Legacy of federal policies in Indian country
Effects on Michigan tribal nations.
Following the passage of the Peace Policy, Richard Pratt, a veteran of the Indian Wars and a U.S. military officer opened the first official U.S. Government operated Indian boarding school in 1879 in the town of Carlisle, Pa. The school was named Carlisle Industrial Training School. Carlisle opened with 136 students attending, as said in American Indian Education: A History, authored by Jon Reyhner and Jeanne Eder. Soon after Carlisle’s opening the missionaries with federal support created several more off-reservation boarding schools across the Nation, said Reyhner and Edner. This type of educational institution was allowed to be created under the policy.
Captain Pratt felt the best way to assimilate and civilize the Indian communities was to strip the children of their culture. It was Pratt’s theory to “Kill the Indian Save the Man,” stated in Away from home: American Indian boarding school experiences. He knew in order to achieve his ultimate goal of assimilation, the children was where he had to begin to redefine in their minds what an Indian was, which was evil and dirty. He operated the boarding school in military regiment. According to the Amnesty International Magazine, “Government officials found the Carlisle model an appealing alternative to the costly military campaigns against Indians in the West. The Bureau of Indian Affairs (BIA) controlled 25 off-reservation boarding schools while churches ran 460 boarding and day schools on reservations with government funds.”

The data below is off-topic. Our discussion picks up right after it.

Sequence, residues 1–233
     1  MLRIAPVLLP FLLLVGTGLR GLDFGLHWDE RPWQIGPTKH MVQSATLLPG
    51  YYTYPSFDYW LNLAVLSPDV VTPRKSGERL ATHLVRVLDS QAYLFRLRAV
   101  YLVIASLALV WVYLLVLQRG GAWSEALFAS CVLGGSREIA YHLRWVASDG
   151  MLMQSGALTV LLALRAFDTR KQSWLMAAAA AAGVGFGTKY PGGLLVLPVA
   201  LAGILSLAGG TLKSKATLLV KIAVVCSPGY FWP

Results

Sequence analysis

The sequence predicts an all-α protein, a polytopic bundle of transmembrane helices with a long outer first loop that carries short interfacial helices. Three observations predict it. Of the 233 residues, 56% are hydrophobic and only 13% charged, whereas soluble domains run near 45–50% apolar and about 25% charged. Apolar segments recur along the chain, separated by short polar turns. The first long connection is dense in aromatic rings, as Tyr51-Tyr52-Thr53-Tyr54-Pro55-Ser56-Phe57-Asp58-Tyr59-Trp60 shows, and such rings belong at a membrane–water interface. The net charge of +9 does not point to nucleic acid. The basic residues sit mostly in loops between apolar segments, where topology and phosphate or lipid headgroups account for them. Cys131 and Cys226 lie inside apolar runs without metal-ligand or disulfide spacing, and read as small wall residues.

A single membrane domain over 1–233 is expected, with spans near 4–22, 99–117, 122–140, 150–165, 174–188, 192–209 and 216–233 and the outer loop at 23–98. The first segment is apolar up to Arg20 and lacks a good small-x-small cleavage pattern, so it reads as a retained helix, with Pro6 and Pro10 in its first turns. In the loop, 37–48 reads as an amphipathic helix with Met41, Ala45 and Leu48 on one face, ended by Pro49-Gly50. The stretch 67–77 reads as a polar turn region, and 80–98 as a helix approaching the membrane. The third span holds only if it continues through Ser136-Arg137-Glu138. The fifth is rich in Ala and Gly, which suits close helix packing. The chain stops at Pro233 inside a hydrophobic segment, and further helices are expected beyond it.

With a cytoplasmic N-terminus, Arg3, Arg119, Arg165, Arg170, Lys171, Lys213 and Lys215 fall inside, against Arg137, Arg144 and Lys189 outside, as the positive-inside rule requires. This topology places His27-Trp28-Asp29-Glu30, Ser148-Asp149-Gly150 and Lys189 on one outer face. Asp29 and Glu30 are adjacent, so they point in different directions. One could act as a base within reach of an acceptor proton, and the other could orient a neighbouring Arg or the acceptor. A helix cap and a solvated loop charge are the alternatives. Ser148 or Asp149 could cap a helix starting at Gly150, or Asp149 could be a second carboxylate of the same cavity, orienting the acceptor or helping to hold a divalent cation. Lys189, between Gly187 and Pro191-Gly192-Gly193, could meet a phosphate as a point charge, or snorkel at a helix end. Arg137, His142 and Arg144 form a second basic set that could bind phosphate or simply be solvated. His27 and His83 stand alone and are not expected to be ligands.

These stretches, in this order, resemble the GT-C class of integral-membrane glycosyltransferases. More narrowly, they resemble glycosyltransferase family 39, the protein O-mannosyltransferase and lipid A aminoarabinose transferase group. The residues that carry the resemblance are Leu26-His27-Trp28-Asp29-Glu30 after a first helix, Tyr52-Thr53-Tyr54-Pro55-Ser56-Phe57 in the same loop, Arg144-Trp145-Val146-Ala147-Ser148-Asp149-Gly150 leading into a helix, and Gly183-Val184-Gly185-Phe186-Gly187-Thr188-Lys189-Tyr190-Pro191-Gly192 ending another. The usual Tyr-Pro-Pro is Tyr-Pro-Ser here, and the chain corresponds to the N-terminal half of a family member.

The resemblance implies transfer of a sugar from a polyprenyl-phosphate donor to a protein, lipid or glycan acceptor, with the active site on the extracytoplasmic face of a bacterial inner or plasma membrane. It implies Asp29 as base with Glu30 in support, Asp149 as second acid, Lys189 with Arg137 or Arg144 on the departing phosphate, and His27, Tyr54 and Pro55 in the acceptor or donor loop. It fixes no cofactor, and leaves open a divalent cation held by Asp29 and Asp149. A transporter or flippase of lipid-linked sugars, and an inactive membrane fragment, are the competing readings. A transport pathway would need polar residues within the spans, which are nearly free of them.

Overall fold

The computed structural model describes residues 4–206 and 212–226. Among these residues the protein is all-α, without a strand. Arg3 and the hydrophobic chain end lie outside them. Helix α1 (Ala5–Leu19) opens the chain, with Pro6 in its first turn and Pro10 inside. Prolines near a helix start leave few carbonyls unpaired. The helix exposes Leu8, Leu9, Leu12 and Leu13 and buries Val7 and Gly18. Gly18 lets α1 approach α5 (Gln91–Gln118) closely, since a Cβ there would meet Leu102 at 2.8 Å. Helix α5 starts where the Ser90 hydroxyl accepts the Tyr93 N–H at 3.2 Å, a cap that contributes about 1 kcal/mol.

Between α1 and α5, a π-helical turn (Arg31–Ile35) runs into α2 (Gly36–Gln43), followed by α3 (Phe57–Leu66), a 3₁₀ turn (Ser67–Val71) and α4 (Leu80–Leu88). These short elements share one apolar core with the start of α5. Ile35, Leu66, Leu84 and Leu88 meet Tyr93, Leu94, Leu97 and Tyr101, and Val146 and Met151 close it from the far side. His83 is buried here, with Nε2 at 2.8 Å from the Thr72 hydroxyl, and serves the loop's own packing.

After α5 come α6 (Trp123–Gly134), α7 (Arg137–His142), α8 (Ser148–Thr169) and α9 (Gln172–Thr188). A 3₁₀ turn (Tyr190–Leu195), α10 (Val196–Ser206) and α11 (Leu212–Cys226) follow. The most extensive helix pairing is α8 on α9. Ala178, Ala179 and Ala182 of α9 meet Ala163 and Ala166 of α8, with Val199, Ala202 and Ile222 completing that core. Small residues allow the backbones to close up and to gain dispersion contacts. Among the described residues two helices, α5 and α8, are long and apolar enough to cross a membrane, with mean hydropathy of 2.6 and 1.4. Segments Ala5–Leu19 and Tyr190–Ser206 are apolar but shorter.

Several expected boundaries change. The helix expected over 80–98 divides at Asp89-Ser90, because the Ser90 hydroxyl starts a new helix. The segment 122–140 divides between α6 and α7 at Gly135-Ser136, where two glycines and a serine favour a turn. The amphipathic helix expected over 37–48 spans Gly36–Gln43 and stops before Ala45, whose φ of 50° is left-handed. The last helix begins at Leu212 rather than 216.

When the children first arrived at the boarding schools, they were subject to the cutting of their hair and forced to have their Indian names changed for two reasons –to indoctrinate them into the Christian religion and to change how they saw themselves. During this time the children in the boarding schools were often beaten, assaulted, sexually abused and tortured if they were found speaking their native language. Other methods of discipline were imposed on the children that would be considered torture in all essence of the word. Boarding school seasons: American Indian families said, “It was said that in order to destroy a culture their language must be the first thing to end.” There are also narratives from students who felt that their tenure wasn’t awful and had an opportunity to learn skills that helped prepare them for employment following graduation. The boarding school lasted until roughly 1983, with the closer of the last formal boarding school in Harbor Spring, Mich.
To continue learning about what Indian education polices that came next, please look for the next article of this series. To learn more about Government and Public Policy programs offered through Michigan State University Extension please contact Emily Proctor, Tribal Extension educator at (231)-439-8927 or firstname.lastname@example.org.